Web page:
EPILOGUE

The Midway, after returning from Vietnam in early 1973, departed Alameda on September 11 of that year heading for Yokosuka, Japan. It was loaded down with ship's crew and that of Air Wing Five, plus the crew members' respective families. The ship also transported personal belongings including furniture and automobiles.

The Midway was part of the new Overseas Family Residency Program. This strategy effectively changed her home port from Alameda, California, to Yokosuka. Stationing the Midway in Japan was nothing if not ironic, since the Battle of Midway Island was the turning point against Japan of World War II's "War in the Pacific." [Since we were remembering Pearl Harbor, were we thus making Japan remember Midway Island?]

The Midway was present to help with Saigon's evacuation in late April-early May, 1975, collecting 3,073 refugees.1 For this she received the Navy Unit Commendation. She received another Navy Unit Commendation in 1984 as part of Battle Group Alpha in the Northern Arabian Sea. The United States was showing its determination to keep open the Strait of Hormuz despite the war between Iran and Iraq. In all, the Midway has spent most of the years since I left her sailing around the Middle East. While there, she has been present during nearly every incident of international concern.

The ship was badly damaged on June 20, 1990, when two explosions on board led to a fire that raged more than ten hours. The disaster was responsible for at least two deaths, several injuries and damage to the ship's hull. The news media made a major issue out of the incident, as it accented a growing list of Navy calamities. It was even speculated that the accident would lead to the ship's immediate retirement. Indomitably, a few months later Midway steamed to the Persian Gulf in response to the Iraqi invasion of Kuwait. There, she participated in both Operation Desert Shield and Operation Desert Storm.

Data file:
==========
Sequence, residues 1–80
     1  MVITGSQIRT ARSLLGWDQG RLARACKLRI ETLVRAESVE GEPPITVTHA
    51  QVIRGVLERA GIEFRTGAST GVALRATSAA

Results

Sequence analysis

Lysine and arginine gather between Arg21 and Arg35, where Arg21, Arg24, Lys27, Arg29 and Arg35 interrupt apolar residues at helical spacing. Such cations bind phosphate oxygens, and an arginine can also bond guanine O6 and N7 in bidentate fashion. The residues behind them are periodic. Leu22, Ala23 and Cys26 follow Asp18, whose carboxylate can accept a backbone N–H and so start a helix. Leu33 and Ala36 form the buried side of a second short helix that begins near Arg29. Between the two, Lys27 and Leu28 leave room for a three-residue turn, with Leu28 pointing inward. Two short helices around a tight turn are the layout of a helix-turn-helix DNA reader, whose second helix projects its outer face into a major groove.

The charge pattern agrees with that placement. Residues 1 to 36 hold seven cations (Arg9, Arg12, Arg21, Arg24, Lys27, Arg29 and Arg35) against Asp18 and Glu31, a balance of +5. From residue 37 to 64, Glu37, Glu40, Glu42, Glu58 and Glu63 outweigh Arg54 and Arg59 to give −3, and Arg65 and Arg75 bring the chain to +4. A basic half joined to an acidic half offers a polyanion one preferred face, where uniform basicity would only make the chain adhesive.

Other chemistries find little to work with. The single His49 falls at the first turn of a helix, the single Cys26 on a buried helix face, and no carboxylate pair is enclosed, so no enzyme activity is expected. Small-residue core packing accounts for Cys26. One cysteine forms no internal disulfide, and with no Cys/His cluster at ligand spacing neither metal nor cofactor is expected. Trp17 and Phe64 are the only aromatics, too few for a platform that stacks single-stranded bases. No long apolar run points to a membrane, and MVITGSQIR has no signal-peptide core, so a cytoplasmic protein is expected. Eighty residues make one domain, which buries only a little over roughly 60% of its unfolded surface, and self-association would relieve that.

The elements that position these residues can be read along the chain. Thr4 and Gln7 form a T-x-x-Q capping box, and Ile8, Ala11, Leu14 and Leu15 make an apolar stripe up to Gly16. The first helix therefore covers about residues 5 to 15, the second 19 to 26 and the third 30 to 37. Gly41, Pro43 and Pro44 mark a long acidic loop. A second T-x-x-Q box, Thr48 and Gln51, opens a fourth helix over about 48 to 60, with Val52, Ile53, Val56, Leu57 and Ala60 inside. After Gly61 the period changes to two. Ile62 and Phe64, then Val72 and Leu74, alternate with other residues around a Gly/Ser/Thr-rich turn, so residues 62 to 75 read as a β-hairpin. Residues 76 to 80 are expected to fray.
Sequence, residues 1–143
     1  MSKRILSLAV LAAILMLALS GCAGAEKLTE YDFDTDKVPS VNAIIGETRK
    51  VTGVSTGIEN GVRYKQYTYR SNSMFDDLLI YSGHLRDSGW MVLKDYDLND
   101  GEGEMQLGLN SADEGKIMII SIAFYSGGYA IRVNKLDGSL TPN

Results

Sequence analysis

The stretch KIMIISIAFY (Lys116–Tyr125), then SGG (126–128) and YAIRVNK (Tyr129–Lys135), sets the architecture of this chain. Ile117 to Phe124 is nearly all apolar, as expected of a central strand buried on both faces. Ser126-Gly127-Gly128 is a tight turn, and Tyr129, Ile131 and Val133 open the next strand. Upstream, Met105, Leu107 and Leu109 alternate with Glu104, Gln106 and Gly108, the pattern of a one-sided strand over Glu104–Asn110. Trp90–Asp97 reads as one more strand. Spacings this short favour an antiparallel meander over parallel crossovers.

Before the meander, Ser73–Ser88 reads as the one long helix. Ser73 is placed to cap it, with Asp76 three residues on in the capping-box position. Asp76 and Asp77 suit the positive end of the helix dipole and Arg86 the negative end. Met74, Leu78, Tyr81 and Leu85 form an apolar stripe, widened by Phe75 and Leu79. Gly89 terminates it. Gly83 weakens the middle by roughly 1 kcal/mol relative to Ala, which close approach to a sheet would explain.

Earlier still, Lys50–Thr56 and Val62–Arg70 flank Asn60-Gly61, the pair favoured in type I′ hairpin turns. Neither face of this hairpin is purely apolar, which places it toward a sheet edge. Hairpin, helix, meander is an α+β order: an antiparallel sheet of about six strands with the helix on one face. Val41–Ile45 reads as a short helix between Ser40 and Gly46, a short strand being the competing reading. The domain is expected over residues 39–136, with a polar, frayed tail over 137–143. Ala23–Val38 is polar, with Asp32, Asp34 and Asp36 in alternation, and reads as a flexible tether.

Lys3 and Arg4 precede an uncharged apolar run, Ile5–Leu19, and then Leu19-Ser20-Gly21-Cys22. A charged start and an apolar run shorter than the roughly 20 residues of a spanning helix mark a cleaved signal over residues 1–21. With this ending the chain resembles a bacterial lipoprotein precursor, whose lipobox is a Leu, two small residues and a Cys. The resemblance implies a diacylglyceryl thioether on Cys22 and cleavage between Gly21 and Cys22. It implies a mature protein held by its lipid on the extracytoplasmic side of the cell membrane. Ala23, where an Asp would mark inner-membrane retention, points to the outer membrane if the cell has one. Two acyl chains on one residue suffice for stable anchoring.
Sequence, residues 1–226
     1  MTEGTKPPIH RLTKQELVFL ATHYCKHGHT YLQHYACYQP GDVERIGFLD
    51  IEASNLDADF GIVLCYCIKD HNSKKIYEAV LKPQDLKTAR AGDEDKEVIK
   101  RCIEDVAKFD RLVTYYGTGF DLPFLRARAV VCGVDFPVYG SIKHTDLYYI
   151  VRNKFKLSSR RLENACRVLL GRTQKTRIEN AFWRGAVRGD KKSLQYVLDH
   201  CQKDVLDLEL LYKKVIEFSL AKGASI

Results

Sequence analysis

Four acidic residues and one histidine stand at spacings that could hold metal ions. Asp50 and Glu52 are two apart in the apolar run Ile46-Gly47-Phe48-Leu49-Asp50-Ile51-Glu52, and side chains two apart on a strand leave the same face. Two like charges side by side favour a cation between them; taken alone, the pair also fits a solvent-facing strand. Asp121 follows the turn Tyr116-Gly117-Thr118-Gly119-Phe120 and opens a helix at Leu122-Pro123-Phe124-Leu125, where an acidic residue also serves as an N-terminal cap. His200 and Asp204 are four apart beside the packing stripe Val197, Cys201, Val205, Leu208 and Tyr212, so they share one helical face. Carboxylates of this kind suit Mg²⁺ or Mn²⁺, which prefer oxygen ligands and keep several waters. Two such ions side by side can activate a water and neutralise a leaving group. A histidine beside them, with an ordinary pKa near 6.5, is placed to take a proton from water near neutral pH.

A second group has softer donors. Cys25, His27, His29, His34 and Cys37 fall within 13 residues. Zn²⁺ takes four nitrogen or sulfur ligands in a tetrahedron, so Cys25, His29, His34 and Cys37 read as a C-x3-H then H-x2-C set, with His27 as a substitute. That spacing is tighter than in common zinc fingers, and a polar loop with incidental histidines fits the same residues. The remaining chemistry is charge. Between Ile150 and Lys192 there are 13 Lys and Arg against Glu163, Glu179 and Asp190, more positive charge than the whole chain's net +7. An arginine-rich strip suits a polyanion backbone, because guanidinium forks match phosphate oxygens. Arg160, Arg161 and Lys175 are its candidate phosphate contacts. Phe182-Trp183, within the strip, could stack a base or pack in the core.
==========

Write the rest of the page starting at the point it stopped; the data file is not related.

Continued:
In June, incidentally a year after her on board calamity, Midway was given a day's notice to depart for the Republic of the Philippines full speed ahead. Upon arrival at Subic Bay, during Operation Fiery Vigil, she evacuated 1,800 service members caught in the path of erupting Mount Pinatubo, transporting them to the island of Cebu for flights to the United States. This was to be one of the ship's last naval contributions.

The following excerpt is from a letter sent to me by Midway's Public Affairs Officer Brady Bautch, Chief Journalist.

 

"Thank you for writing. It is always good to hear from shipmates who are still interested in our ship. On September 14, [1991] Midway arrived at Naval Air Station North Island in Coronado, California, ending eighteen years as America's only carrier stationed abroad. The ship is now preparing to be decommissioned. That event is tentatively scheduled for Spring 1992."

Midway was the last of her class. The U.S.S. Franklin D. Roosevelt had been decommissioned in the late 1970s, and the Coral Sea, transferred some years before to the Atlantic Fleet, was taken out of service in 1990.

I received an invitation to attend Midway's April 11, 1992 decommissioning from her final skipper, Captain Ernst. Following is my journal account of the "retirement" ceremony.

Midway decommissioning invitation artifacts

 

Decommissioning Ceremony for the U.S.S. Midway (CV-41)